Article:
Anyway, I’m still tinkering with the wiring (the programs running behind the scenes), so I might come up with some other convenient goodies from time2time. One I’m working on now is supposed to leave a trail of cyber-crumbs to Google so drop-in readers can find us here. Another is to organize the site better, sorta like an index. But that’s behind-the-scenes stuff.

Enough with the technical bulletins. 🙂

No HD TV for the Travers?

Posted on 2 min read 5 views

© Cheryl Quigley | Dreamstime.com

Full disclosure time – my husband works for ESPN. And so did I, a long time ago.

I left the company for personal reasons, before it started broadcasting hardly any equestrian sports. Was I a big dummy? Or crazy like a fox? Who’s to say, except for St. Peter in the (I hope) distant future.

So, I also hope that my revelation of my connections doesn’t take any power away from this next statement — I really enjoy ESPN’s racing coverage.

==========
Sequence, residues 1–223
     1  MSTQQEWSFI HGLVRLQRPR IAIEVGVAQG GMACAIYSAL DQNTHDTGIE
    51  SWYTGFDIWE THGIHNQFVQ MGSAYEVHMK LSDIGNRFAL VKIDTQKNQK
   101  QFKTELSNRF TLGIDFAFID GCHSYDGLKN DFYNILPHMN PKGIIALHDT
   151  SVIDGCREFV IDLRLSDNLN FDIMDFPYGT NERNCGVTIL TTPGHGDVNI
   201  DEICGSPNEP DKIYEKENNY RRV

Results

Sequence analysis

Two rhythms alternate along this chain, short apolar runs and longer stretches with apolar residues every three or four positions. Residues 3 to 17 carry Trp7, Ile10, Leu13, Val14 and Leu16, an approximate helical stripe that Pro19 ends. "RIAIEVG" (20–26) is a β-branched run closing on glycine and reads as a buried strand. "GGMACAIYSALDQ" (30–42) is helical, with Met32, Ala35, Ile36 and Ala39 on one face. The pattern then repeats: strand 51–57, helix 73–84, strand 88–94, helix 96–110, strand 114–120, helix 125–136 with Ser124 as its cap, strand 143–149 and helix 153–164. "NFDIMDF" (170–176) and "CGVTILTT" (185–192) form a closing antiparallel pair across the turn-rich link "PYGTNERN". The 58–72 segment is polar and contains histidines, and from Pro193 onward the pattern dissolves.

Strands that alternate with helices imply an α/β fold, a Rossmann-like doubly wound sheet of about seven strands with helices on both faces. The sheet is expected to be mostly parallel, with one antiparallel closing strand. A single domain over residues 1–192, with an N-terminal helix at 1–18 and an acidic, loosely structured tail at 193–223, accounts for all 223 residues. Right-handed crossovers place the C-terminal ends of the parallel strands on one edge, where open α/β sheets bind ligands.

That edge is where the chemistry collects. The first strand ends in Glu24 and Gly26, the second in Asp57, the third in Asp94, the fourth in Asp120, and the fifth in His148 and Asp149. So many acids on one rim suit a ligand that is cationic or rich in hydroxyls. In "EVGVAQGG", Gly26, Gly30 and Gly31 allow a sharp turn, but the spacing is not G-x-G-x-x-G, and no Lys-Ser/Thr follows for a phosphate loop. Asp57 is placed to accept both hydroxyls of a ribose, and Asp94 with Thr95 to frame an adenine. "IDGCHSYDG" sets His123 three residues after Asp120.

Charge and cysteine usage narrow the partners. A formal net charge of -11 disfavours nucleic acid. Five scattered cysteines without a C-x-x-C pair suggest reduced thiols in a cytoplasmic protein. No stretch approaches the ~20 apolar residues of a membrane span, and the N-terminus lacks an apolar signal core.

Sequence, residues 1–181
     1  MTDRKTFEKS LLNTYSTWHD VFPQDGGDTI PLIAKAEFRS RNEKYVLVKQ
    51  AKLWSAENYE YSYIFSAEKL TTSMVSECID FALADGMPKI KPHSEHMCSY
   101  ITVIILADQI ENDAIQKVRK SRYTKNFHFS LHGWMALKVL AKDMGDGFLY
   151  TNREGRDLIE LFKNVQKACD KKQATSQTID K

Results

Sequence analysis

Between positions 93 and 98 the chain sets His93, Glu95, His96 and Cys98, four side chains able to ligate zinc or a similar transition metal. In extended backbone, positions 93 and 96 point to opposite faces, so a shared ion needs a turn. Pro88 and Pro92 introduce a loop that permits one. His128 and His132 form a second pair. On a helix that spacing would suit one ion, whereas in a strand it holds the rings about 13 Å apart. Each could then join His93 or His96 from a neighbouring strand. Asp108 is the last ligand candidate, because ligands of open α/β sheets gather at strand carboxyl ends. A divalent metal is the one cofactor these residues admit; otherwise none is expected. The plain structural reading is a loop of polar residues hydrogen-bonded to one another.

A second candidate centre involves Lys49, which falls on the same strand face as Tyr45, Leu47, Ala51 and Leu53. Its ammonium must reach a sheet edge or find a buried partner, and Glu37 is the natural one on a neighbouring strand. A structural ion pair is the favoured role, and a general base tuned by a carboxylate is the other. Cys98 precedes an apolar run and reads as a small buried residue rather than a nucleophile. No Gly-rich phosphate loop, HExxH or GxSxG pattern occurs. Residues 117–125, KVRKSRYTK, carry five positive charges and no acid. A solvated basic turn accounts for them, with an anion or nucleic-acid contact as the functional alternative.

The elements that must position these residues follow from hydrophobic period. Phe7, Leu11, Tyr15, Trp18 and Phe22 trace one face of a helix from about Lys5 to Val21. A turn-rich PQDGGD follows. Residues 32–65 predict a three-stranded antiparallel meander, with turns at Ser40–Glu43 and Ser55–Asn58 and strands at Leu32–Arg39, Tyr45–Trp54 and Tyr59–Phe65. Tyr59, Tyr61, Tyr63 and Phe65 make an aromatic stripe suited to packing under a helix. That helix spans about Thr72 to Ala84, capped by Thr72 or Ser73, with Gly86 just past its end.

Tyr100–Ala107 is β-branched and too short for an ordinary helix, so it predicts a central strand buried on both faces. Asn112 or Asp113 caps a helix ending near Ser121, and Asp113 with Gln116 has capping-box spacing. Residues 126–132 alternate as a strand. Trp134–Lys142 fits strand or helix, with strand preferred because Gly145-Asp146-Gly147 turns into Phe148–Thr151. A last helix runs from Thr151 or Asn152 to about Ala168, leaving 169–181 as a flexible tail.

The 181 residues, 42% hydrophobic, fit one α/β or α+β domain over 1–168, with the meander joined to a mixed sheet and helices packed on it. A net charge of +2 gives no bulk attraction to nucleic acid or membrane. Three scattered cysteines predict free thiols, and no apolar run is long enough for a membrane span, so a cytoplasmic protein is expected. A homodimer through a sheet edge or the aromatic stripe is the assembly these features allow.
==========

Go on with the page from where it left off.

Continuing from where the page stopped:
I like seeing the horses, of course. And I like watching the feature stories, so that I can get a “big picture” perspective on a race. I even like the commercials from the horse farms and the companies offering products to them.

All of the commentators are knowledgeable and fun to watch, especially Jerry Bailey who brings experience and energy to his analysis.

But I have a minor quibble. (No, I’m not in a snit because we didn’t get to catch a glimpse of Funny Cide. 😉 ) The title gives you a hint — why wasn’t the Travers Stakes aired in high definition TV?

Now that we have a big screen TV, I’m spoiled beyond belief. If I’m watching an HD channel, I don’t want to see those “screen fillers,” the adapter bars flanking the image on a show that’s been shot in “standard definition” TV. Especially when I’m watching a live show from a company that I know has live HD capabilities.

Let alone on an important race, like the Travers Stakes. It’s right up there in importance with the Triple Crown and the Breeders Cup races. Plus, Saratoga in the summer is plenty picturesque. Just as much as Del Mar was on Sunday for the live racing coverage from there. Which, I may add, was in HDTV.

Geez, guys. Come on. I want my HDTV.